Maia Sandu: The Holocaust showed the lowest limit of evil

Representatives of the central and local authorities, ambassadors and ordinary people took part in an event that was held to commemorate the victims of the Holocaust on January 27, IPN reports.

Attending the event, President Maia Sandu said the 20th century was full of pain. The Holocaust was one of the blackest events. “The physical extermination of a large number of innocent people, without the right to defense, without observing the elementary rights, executed mechanically, organized in an almost industrial way, showed the lowest limit of evil to which a society can fall,” she stated.

Maia Sandu noted she is near the Jewish community and the Roma community for which this day has a special meaning. In front of these communities and of all the citizens of the Republic of Moldova, the President undertook to contribute to fighting hate speech and to keep the memory of those sad times.

Parliament Speaker Zinaida Grecian noted that the Soviet army on January 27, 1945 released the detainees held at the concentration camp in Auschwitz. Not many survived the Nazi machinery. Almost 6 million women, men, elderly people and children were killed. Regrettably, the Nazi horrors haven’t been yet fully realized and there are yet manifestations of anti-Semitism and hatred in society. Moldova is taking steps to prevent and fight hate speech. In December 2020, Parliament toughened up the legislation so as to counteract the manifestations of religious intolerance.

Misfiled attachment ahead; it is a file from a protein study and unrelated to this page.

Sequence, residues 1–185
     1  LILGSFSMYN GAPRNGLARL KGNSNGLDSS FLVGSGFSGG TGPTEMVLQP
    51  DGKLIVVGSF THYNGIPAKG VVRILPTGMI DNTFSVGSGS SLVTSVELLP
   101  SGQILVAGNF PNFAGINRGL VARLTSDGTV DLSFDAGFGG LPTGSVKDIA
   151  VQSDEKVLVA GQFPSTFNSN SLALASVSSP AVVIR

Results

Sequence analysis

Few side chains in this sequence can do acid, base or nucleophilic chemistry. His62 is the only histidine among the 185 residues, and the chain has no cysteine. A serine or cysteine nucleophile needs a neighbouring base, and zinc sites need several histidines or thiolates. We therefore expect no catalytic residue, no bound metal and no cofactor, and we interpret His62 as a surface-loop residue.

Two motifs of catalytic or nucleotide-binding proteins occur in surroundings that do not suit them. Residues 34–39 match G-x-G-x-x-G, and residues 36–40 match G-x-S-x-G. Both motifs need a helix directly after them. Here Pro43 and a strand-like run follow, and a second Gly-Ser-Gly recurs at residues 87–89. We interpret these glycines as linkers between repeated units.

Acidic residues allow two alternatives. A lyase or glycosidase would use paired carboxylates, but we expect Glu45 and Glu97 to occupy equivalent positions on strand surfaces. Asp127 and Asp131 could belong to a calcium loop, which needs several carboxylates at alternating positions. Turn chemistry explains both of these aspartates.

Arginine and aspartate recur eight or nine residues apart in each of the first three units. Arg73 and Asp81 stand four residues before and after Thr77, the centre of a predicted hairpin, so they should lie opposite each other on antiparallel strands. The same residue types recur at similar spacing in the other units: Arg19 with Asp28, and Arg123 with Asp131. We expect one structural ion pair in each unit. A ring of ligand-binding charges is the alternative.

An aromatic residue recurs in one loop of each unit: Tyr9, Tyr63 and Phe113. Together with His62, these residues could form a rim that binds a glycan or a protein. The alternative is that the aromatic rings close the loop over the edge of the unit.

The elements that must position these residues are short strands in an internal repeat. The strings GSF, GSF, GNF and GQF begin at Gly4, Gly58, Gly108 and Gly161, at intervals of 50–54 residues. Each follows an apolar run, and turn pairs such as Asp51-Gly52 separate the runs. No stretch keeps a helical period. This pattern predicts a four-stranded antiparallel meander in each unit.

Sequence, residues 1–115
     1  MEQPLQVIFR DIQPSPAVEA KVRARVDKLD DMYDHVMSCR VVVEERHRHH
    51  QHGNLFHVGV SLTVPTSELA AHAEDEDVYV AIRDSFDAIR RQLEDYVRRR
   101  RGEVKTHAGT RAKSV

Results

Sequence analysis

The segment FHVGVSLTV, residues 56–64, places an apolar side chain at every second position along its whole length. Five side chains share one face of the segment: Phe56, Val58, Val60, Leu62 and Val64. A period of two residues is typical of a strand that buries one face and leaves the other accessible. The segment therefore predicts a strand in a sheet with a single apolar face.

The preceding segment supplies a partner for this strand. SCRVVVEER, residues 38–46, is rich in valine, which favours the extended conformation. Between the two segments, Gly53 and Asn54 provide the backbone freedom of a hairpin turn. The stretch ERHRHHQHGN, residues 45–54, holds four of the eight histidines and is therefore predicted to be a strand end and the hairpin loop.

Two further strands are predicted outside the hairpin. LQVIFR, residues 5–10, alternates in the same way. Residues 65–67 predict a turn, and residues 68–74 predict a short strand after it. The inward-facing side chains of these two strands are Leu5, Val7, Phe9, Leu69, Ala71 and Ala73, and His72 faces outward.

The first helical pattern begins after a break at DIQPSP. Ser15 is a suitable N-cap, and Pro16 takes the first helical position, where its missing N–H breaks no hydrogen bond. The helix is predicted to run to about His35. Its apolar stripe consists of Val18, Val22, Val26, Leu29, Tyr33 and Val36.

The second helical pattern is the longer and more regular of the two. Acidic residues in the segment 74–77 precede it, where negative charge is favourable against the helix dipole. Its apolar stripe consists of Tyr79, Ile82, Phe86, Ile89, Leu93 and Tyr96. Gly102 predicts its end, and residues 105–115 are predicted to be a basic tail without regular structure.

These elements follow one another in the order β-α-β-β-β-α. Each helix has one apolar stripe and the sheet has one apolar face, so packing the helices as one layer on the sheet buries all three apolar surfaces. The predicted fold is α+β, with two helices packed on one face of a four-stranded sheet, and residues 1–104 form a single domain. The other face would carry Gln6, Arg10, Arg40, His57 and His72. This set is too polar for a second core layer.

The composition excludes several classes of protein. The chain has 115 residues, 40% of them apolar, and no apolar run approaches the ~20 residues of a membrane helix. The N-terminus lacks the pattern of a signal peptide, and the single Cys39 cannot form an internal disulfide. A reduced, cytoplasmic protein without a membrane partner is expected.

Dumitru Solocan, secretary of state at the Ministry of Foreign Affairs and European Integration, said the horrors of the past should be realized and assumed so that a future free form such tragedies could be built.

In a video message transmitted from Jerusalem to the participants in the event staged in Chisinau, the Ambassador of Israel to Moldova Eli Belotsercovsky said 6 million Jews and Roma people became victims of the Holocaust. These people, if they remained alive, could have implemented projects beneficial to mankind. “According to the data of the Institute on the Holocaust of Jerusalem, 80 Jews were killed in the Republic of Moldova during the Holocaust. But I think these figures are much higher,” stated the diplomat.

“Regrettably, the problem of anti-Semitism is yet topical as there are many people who incite hatred, incite to destroy the Jewish people. We must fight such manifestations. In the Republic of Moldova, we also witness manifestations of anti-Semitism in the media.”

The head of the Jewish Community in Moldova Iulia Sheiman said that a monument to victims of the ghetto was inaugurated in Cahul last summer. Another monument to the victims of the Holocaust is to be built in Orhei, while the third will be unveiled soon in Cosăuți, Soroca.

The Holocaust Remembrance Day has been annually marked in Moldova on January 27 since 2015.

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